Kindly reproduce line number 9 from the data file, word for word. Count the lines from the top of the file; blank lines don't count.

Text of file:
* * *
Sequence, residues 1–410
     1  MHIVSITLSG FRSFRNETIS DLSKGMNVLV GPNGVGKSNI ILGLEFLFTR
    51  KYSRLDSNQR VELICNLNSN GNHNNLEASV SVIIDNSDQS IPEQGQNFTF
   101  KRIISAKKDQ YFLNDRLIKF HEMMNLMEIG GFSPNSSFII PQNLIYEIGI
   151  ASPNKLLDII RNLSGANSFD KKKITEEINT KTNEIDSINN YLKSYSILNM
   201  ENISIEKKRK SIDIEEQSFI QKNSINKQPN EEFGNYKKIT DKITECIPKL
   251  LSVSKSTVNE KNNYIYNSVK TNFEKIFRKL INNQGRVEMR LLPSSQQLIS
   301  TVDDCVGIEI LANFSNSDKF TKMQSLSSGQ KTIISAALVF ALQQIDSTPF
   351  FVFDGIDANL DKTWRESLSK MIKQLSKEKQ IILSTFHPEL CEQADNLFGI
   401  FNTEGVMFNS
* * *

   351  FVFDGIDANL DKTWRESLSK MIKQLSKEKQ IILSTFHPEL CEQADNLFGI